How Serious Is Syphilis?
Syphilis is a sexually transmitted disease (STD) that affects both men and women. It can be spread through sexual contact with an infected partner, and it can affect your genital area, mouth, lips and anus—even your brain.
Syphilis has multiple stages, and symptoms vary throughout the stages, though you may not notice any symptoms for years. And that's not good, because syphilis can cause lasting damage to multiple systems in the body.
During the primary stage of syphilis, you may notice a small, painless open sore in your genital area. It often appears at the site where syphilis bacteria enter the body, such as at the vagina or near the rectum. The sore, or multiple sores in some cases, can appear about three weeks after you are exposed to syphilis. Sores usually heal on their own within three to six weeks, but this does not necessarily mean the syphilis is gone for good. The syphilis bacteria may lie dormant in your body.
Secondary syphilis can occur a few weeks after the original sore heals. During this stage, you might notice a rash that eventually covers your entire body, including the soles of your feet and palms of your hands. You might also have wart-like sores in your genital area or mouth, and experience muscle aches, hair loss, sore throat, fever and swollen lymph nodes.
These symptoms might disappear within several weeks, or they can come and go for up to a year.
How untreated syphilis progresses
If syphilis goes undetected and untreated, the disease can progress from the secondary stage to a hidden, or latent, stage. The latent stage might last several years, during which time you likely won't have symptoms at all.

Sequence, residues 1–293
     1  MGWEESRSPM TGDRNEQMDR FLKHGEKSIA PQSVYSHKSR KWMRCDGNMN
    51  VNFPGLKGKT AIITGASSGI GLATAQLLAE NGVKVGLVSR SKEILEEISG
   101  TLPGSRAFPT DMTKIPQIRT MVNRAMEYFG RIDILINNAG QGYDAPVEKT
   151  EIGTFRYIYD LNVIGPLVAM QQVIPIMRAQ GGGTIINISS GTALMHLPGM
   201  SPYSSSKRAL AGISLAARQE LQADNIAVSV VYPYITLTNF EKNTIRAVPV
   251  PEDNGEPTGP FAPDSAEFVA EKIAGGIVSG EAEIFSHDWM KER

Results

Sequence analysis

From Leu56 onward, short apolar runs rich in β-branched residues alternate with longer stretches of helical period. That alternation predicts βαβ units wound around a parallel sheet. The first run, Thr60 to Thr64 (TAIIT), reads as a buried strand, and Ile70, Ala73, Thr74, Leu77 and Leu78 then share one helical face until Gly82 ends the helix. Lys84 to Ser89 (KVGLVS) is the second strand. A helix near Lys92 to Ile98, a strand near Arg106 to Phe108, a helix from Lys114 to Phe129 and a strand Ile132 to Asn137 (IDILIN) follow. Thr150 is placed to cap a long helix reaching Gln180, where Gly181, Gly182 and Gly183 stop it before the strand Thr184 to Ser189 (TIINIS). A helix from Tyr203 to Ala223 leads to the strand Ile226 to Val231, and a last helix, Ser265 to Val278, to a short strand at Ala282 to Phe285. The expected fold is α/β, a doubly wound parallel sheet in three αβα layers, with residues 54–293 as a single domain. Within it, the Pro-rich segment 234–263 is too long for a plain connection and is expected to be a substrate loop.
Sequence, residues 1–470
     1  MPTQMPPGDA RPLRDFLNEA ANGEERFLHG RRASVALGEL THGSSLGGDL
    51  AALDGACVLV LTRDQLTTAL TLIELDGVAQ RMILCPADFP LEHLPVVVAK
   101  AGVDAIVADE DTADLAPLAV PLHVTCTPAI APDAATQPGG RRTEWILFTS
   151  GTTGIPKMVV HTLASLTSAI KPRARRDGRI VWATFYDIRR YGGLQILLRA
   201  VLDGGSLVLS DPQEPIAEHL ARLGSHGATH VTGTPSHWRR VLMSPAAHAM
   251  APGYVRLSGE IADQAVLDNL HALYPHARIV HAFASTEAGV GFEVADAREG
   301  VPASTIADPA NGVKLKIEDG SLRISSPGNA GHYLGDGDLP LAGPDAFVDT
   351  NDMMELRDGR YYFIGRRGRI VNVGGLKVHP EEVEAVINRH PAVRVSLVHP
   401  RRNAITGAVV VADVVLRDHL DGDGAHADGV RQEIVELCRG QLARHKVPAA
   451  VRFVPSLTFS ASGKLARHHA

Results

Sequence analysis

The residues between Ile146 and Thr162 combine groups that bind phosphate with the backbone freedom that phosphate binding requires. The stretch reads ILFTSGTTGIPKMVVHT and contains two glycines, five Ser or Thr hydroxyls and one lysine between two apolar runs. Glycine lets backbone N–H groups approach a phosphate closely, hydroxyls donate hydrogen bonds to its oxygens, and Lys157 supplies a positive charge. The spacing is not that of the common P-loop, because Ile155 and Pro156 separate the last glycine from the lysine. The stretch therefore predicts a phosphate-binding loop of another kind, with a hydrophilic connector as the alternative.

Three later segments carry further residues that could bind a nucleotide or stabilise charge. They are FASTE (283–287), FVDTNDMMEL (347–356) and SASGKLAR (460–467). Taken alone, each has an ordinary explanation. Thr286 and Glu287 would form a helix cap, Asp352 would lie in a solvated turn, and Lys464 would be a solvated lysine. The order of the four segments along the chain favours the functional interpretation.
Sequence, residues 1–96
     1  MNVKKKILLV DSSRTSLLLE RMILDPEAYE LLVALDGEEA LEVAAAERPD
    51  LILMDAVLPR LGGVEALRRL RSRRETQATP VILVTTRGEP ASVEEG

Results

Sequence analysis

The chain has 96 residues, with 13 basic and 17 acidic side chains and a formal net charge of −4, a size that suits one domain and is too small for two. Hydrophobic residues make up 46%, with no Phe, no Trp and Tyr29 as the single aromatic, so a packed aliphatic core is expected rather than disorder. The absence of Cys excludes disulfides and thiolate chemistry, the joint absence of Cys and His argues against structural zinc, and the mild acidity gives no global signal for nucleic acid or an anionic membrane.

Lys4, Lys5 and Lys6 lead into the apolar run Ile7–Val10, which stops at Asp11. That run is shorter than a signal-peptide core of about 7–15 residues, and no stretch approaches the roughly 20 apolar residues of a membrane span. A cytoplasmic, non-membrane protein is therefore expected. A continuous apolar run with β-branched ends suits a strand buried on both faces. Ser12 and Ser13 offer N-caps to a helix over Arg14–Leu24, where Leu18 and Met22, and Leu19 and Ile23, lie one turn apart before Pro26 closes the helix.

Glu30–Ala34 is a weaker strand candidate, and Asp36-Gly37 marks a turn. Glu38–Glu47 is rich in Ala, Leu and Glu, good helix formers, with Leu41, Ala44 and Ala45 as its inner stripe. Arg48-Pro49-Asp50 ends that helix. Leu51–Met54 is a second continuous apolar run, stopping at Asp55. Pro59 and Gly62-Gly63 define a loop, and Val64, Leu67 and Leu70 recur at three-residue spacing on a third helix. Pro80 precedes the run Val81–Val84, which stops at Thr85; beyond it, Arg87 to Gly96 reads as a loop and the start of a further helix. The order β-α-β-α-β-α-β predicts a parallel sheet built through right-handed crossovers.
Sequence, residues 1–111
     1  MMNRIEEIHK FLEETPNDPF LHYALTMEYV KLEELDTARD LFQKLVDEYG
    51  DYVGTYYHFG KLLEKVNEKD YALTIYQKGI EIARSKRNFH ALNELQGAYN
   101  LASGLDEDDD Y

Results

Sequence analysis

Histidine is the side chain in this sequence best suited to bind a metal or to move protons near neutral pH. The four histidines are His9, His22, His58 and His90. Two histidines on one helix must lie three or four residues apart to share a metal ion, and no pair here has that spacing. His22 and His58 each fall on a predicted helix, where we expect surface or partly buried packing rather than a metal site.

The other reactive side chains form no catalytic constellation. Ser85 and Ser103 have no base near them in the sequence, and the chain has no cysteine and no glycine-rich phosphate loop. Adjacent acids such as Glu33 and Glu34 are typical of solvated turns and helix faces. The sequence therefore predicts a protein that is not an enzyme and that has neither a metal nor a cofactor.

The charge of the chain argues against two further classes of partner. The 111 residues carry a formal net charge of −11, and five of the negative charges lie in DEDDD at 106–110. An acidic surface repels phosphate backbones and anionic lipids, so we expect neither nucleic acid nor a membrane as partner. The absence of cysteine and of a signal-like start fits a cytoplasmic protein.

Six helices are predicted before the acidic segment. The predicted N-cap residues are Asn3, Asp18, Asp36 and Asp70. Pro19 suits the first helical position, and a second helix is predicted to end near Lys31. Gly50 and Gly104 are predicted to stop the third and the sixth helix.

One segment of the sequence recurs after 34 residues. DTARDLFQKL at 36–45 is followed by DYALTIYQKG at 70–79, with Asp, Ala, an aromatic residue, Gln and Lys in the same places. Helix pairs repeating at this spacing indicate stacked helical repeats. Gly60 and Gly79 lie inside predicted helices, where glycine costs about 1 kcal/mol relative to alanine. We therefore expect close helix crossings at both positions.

About 15 to 30 percent of people who don't treat their syphilis will develop tertiary syphilis. This stage of the disease can damage an infected person's eyes, nerves, brain, blood vessels, heart, bones, joints and liver. When untreated syphilis damages one's brain and nervous system, it is known as neurosyphilis.
Pregnant women infected with syphilis can pass the disease to their baby during pregnancy or childbirth. Babies born to women infected with syphilis might have no symptoms, or a rash on their hands and feet. However, as the newborns grow older, symptoms can include tooth deformities, deafness and collapse of the nasal bridge.
Syphilis-infected babies have a higher risk of premature birth and even death.
Risks factors for contracting syphilis
You can contract syphilis by having oral, vaginal or anal sex with an infected partner.
Bacteria enter your body through tiny abrasions or cuts in your skin, and in some cases, syphilis can spread through lesions during kissing. A person with syphilis sores is more susceptible to contracting human immunodeficiency virus (HIV) during sexual contact with an infected partner.
Anyone who is sexually active can contract syphilis, but certain factors increase the risk, such as having unprotected sex (not using a condom) with an infected partner, having multiple sex partners, men having sex with men, and HIV infection.
Act if you suspect you have syphilis
Your doctor or a local clinic can diagnose syphilis using various tests. When caught and treated early, syphilis is highly curable with antibiotics, and a follow-up blood test can confirm when the disease is gone. Until your treatment is complete, though, you should avoid sexual contact. You also should alert any sexual partners to the possibility they might be infected and urge them to get tested.
Even after you've been treated for syphilis, you can get reinfected. There's no vaccine for syphilis, but using a condom each time you have sex and regularly undergoing STD tests, especially if you have multiple partners, can greatly reduce your risk of contracting it.
Abstaining from oral, vaginal and anal sex is the most reliable way to avoid getting syphilis, and having just one mutually monogamous partner is another prevention strategy.
Having multiple partners increases the risk of contracting any type of STD or sexually transmitted infection (STI), including syphilis, so it is important to take precautions with regular testing, open and honest discussions with your partner(s), and following through with any treatments your doctor recommends.
Recognize the signs and symptoms of syphilis and get tested and treated when necessary. Those are the best ways to optimize sexual health and reduce your risk of serious complications.